It was deemed that sleeping for less (or more) than 7-8 hours a night (which accounted for just over half of the study’s participants) seriously impacted cognitive performance.

The participants were measured via 12 separate tests and it was found that their verbal and reasoning skills, as well as their overall thinking ability was not at full capacity.

Some test subjects who slept for an average of 4 hours a night found that their overall cognition was the equivalent to aging by 8 years.

However, after sleeping for more hours the night before testing, closer to the recommended 7-8 hours, cognitive performance improved significantly.

In truth, sleeping for only 5 hours a night may not have a huge impact on your life if it’s just the odd-day here and there, but the longer-term effects can be quite alarming.

Are You Getting Enough Sleep?

So, if we had to put an exact number on it, we can see that the recommended 7-9 hours a night is what we should all be aiming for (as adults).

However, as I’ve mentioned this isn’t always the case, and there are many of us who seem to be able to function perfectly normally with less sleep.

This is an individual thing.A woman with her head on a pillow yawning

Nevertheless, it should start becoming obvious to you sooner or later whether you are getting enough sleep for YOU.

If you aren’t waking up feeling refreshed then you need to consider the quality of your sleep isn’t great and then work out what is affecting this.

If you find you are unable to perform well the following day, especially in terms of concentration levels, communication with others, decision-making and planning, then your cognitive abilities are taking a hit.

You may find that your energy levels are down and you are unable to perform certain tasks with the ease that you usually do.

All of these factors point to the fact that you probably aren’t getting enough sleep.

Now I don’t believe making massive sweeping changes is the answer.

If you’re used to only sleeping 6 hours a night and you suddenly decide to go to bed 2 hours earlier than you normally do, it is more than likely that you are going to lay awake, tossing and turning, for those couple of hours, if not more.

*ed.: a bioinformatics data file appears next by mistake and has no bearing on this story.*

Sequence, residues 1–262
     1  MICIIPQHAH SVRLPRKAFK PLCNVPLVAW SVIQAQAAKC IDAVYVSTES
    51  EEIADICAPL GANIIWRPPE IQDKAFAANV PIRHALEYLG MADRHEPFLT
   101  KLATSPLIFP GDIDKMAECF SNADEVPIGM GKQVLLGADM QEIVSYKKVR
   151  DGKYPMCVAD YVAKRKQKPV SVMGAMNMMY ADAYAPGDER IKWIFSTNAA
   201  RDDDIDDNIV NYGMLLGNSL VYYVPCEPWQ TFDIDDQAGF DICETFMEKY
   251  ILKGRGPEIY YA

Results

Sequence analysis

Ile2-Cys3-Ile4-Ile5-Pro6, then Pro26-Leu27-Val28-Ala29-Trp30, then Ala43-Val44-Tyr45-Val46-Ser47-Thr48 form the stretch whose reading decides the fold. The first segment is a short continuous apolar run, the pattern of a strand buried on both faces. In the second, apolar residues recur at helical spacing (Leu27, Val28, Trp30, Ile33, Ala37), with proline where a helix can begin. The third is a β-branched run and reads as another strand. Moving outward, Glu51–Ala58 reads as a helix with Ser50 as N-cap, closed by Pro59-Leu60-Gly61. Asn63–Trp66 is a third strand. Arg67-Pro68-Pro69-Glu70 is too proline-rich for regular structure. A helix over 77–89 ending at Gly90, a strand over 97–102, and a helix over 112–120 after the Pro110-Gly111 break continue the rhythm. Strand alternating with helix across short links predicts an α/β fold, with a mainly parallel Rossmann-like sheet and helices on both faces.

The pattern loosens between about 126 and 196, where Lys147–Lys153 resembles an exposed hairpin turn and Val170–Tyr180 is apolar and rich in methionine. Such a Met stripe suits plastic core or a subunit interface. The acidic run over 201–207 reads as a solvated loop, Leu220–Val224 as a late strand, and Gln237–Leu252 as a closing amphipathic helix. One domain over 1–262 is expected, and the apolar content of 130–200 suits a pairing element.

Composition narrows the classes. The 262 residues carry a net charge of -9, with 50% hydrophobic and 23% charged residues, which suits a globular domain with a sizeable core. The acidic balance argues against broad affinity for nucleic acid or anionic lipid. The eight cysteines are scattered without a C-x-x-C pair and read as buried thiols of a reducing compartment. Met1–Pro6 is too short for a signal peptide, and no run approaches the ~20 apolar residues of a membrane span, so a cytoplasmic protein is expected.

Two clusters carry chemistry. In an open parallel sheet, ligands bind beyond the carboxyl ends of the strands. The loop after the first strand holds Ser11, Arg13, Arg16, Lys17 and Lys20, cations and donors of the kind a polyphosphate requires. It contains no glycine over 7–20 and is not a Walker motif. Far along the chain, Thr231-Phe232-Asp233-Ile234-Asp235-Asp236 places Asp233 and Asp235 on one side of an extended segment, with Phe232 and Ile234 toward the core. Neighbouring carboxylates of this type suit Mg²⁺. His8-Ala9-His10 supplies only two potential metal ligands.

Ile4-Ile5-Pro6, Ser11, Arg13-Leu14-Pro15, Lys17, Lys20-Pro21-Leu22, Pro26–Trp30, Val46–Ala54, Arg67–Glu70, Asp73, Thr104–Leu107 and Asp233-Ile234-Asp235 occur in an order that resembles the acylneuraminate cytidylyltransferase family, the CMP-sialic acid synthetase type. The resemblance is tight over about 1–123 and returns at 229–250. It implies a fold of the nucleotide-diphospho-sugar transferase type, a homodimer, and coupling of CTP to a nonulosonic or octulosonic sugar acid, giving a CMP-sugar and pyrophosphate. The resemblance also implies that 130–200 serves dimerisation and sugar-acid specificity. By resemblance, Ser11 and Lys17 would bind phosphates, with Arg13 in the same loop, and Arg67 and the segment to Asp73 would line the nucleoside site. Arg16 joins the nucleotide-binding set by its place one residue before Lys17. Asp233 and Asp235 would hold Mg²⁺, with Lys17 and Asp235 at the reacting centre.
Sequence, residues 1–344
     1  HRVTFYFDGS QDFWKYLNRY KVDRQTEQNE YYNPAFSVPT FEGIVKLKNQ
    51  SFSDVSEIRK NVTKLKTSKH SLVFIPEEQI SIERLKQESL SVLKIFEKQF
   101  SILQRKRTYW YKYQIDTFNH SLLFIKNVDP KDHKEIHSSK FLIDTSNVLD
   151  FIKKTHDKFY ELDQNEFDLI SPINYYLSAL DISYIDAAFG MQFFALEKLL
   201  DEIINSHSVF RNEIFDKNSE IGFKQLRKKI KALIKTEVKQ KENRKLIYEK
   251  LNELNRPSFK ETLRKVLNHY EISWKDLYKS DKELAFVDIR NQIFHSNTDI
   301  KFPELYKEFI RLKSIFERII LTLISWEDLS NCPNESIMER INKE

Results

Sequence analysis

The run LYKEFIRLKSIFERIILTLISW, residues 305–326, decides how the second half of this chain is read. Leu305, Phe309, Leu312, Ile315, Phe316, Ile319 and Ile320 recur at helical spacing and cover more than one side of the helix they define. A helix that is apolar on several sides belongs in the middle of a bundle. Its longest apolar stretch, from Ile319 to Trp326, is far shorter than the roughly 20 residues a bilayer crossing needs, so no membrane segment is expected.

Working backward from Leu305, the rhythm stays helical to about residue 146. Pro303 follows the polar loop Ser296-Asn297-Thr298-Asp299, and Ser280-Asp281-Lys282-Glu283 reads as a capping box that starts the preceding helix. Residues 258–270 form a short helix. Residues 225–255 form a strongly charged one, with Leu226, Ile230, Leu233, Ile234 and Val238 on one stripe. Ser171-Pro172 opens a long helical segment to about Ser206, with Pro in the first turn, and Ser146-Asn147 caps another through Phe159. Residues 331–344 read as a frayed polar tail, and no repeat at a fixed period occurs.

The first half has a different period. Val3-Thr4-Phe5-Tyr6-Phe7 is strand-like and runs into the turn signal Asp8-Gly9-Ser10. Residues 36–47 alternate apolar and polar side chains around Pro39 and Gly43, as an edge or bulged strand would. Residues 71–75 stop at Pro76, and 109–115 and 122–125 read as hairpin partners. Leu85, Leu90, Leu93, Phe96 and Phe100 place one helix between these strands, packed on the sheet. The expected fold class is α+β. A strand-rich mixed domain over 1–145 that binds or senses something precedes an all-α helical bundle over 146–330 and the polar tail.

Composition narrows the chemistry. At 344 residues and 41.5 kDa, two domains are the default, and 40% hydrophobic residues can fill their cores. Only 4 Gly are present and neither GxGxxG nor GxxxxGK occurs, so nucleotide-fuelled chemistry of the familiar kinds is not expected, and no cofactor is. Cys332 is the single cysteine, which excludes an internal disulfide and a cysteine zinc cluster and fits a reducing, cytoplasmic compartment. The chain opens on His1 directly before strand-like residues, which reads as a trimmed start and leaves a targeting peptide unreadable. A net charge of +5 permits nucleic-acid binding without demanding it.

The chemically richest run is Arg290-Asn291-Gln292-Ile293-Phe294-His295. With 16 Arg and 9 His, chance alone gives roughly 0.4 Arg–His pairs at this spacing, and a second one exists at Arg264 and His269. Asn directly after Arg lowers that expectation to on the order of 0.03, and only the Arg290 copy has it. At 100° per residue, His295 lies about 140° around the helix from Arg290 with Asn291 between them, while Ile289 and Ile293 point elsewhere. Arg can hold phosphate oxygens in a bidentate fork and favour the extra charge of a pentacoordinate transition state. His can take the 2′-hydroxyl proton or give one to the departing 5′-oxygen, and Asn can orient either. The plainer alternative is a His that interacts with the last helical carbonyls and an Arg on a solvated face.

The exact same can be said if you’re trying to stay in bed and get up later in the morning.

I would suggest making small incremental changes at first, something that is hardly noticeable, such as 15-20 minutes here and there.

You can gradually increase your levels of sleep over a period of weeks and months, until you find you’ve hit the sweet spot.

I have also spoken many times about good sleep hygiene habits and ways to improve the quality of your sleep. These typically involve things that you are doing during the day while you are awake.

Sleep is far more important than many of us credit it with and therefore finding the ideal number of hours you should be sleeping is of paramount importance.

As I say, this is very much an individual thing, but if the experts recommend a certain number of hours of sleep, then that is what you should be aiming for.

Final Thoughts

You are now aware of the recommended number of hours you should be sleeping, based on age group, although there are many other factors to take into consideration.

However, a lack of good, quality sleep will start to affect you both physically and mentally.

If you feel constantly tired or unable to perform as your best self the following day you are probably not getting enough sleep.

But, it’s important not to make huge changes to your sleeping schedule and work in small increments to increase the amount of time you spend in bed.

It’s all well-and-good quoting the recommended hours of sleep an individual requires, but only you will know whether you’re realistically getting enough sleep.